I remember the hype around L.A. Noire like it was yesterday. There was always huge excitement around a new game by Rockstar, but this time it felt like it had reached another level.
L.A. Noire was set in Hollywood not long after World War II, an area which was rife with corruption, murder and drugs at the time. You played as Cole Phelps, a war veteran recently turned LAPD detective. What followed was a brilliantly crafted, in-depth story in which Phelps found himself grappling with the city’s darkest secrets, and his own past.
There was a fair few hours of gameplay on offer here, and it had you working in various police departments such as homicide, arson and vice. Despite all seeming like separate cases at first, it soon becomes clear something more sinister is tying certain elements together. A possible reason for what made L.A Noire’s story so gripping, was that the cases in the game were inspired by real crimes from the era.
The action played out from the third person perspective (as you might expect from Rockstar), and there were varying elements to the gameplay. You would often be thrown into action sequences which usually started with a car chase, culminating in a shootout or punch-up.
However, the main feature of the gameplay is how L.A. Noire best tells its story through investigation. You needed to tail suspects, thoroughly search crime scenes and solve puzzles. However, at certain points in your investigation you needed to interview your suspects, and this is where the game really shone.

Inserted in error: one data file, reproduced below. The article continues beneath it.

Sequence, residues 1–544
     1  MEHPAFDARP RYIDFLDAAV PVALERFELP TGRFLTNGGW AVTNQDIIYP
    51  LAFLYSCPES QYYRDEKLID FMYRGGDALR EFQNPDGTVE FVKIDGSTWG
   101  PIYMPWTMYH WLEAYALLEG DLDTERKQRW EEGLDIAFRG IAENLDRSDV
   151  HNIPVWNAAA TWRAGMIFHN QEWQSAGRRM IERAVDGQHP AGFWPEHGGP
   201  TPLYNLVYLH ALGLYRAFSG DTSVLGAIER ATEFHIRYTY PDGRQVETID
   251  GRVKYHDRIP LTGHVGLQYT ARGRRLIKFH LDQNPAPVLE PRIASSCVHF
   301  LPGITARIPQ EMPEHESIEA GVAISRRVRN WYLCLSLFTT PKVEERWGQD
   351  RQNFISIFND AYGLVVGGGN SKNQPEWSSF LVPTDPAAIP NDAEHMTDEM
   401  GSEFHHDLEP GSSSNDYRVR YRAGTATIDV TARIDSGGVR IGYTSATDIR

Possibly the biggest pull for L.A. Noire was its use of facial animation technology. This meant the characters in the game were incredibly life-like, something which is important when you are trying to interrogate a suspect.
This was so well-realised that you could easily recognise guest stars from the real acting world, such as Greg Grunberg (Matt Parkman from Heroes). It really was an incredible technological achievement.
This facilitated the creation of the game’s interrogation mechanic. Thanks to how realistic your suspect’s facial movements were, you could pick up on tell-tale signs and gestures, to aid you in your line of questioning. You could react to your suspect’s answers in three ways: Truth, Doubt and Lie. However, you had to choose your moment wisely to go in with the hard questions. Too early and your suspect may close-up and end the interview, too late and you may miss your chance completely. These segments were great fun to play, and felt completely ahead of anything that had come before.
Not only this, but the technology added legitimacy to the in-game characters too. They were fantastically realistic, and felt properly fleshed-out, instantly making the player care about them and their place in the story. L.A. Noire felt like the closest thing to an interactive movie the gaming world had ever seen.
However, despite the main showpiece of L.A. Noire, the rest of the game was great but not quite as impressive. This was mainly because of the formulaic pacing of the game, which made it repetitive after a few hours in. I found playing it through in smaller gameplay sessions helped with this no end.
Back in 2017 the L.A. Noire Remastered edition was released, which was presented in glorious 4K and included all the DLC from the original release. A “Photo Mode” was also added, which was a great way of drinking in the beautifully realised world around you.
Back in 2011 L.A. Noire was a groundbreaking adventure, despite not being Rockstar’s strongest offering overall. However, its innovations still impress today, making it a game which is still worth a look for the budding detectives out there.
If you haven’t yet played it, make sure you pick up a copy from the Xbox Store. If you have played it, remind us of your memories by getting down into the comments.